The spread of the Holy Fire this year is a similar reminder that people are still spreading the word of God, touching one candle to another and sending the flame in a new direction, Burch said. Hunt, who spread the fire to Greenville and Atlanta before Florida, said it was a leap of faith.
We went to a lot of trouble to take it to people we didn t know, she said. In our faith we talk about the love of God as a river of fire. And each person received it just as the love of God is always there to be received. She said it was an amazing feeling that came with a spur-of-the-moment decision to take the fire with her on her trip to Florida.
Farley, the pastor in Canada, said there are certainly skeptics of the miracle of the Holy Fire. He said there may be ways to spontaneously light a candle, as shown in videos that attempt to debunk the Holy Fire, but those videos cannot replicate other parts of the fire including the people who dip their beards in the fire without lighting their faces on fire. For 15 minutes or so after the fire emerges from the tomb, Farley said, people can be seen on video touching the flame and touching it to their beards with no damage.
But in time, the flame becomes just as warm as one ignited from a lighter, he said. Randolph, from Anderson, said it is a miracle.
It s like faith itself, and love, he said. I can tell you what love looks like but until you experience it, you may not know. Bennett, still on the tour he has since renamed the Holy Fire Tour, said the flame gives him an unexplainable feeling of warmth, a warmth that is distinct from the heat of a candle.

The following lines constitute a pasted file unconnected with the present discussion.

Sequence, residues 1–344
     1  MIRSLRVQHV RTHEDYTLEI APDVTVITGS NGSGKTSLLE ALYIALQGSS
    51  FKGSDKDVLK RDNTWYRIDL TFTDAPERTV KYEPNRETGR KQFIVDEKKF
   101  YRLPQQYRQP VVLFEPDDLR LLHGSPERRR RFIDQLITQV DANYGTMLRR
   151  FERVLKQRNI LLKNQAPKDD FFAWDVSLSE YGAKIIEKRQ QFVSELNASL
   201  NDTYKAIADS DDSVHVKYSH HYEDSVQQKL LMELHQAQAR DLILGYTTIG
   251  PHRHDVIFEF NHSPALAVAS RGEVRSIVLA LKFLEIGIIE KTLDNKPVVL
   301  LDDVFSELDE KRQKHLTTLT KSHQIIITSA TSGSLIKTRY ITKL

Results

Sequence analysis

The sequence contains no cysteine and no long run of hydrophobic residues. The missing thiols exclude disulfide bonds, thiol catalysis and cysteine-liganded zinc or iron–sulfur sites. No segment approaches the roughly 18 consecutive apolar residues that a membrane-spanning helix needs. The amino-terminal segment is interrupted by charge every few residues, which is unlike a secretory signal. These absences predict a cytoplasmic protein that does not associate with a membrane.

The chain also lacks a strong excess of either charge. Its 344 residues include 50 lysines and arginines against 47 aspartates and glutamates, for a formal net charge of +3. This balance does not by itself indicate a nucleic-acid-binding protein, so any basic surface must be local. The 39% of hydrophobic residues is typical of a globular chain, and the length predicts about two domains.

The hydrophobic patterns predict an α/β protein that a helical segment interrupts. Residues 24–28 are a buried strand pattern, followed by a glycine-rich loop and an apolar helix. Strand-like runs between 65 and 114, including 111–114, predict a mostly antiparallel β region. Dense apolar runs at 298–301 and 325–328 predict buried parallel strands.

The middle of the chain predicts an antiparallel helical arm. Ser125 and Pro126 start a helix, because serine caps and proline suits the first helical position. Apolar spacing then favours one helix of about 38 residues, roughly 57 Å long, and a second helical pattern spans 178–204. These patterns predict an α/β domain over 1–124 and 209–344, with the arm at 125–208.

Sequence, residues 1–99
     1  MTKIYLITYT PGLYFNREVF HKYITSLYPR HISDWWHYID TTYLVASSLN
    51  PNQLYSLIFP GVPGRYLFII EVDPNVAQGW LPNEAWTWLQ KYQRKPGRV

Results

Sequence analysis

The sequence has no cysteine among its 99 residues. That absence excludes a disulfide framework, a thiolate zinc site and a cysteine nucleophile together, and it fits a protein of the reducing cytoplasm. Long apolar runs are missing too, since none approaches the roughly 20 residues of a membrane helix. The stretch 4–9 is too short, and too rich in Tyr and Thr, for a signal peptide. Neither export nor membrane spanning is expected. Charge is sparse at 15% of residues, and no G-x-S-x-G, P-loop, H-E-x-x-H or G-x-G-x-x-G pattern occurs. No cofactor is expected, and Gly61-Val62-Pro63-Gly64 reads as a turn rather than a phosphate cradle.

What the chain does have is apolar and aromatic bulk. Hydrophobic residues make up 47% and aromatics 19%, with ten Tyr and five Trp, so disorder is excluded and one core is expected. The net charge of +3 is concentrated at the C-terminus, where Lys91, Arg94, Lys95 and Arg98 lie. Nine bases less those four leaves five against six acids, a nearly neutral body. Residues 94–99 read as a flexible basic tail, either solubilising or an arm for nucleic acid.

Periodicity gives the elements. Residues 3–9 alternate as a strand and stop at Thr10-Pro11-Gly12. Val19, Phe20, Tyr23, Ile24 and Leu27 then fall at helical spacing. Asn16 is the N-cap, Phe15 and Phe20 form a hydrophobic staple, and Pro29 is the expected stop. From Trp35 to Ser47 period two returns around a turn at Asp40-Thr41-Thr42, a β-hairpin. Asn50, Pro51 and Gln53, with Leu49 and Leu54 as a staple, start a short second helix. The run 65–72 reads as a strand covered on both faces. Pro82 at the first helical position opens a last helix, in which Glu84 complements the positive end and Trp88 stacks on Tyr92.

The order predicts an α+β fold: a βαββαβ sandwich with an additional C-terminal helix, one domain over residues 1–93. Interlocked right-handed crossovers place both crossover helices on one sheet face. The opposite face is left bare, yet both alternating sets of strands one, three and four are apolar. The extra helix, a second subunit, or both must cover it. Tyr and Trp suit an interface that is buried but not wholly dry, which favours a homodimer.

He hasn t used the candles in his performances and while his partner has created a beat with religious chants, he hasn t found the right moment or words to pay tribute to the fire.
It needs to be genuine, Bennett said. He s taking advantage of being on the road for his tour as a chance to spread the flame to churches and the faithful as he passes, and if the right respectful lyrics come to him, he ll turn it into a project, but he s in no rush.
The Holy Fire, carried from candles in a bucket by Pelegia Miller from North Carolina to Christ the Saviour Antiochian Orthodox Church in Anderson, was part of a Holy Fire sharing journey from Israel and to New York, then to Anderson. (Photo: Courtesy of Pelegia Miller)
Bennett sees himself as a rapper who is Orthodox rather than an Orthodox rapper. And as an Orthodox man, being able to handle the fire is a miracle.
It s hard to say if the depth of meaning to me is personal or if it s the miracle of the flames, he said. Even if you didn t believe in the miracle, and I do believe in the miracle, it is something special to have a flame carried from the tomb of Christ all across America. I literally have a fire from the tomb with me. He said carrying that fire from the tomb is both absurd and incredible.
The message of Christ in the gospel has been called foolish, but for those who believe, it is quite special and miraculous, Bennett said. It tells us Jesus is risen and that is a reality.
Follow Mike Ellis on Twitter @MikeEllis_AIM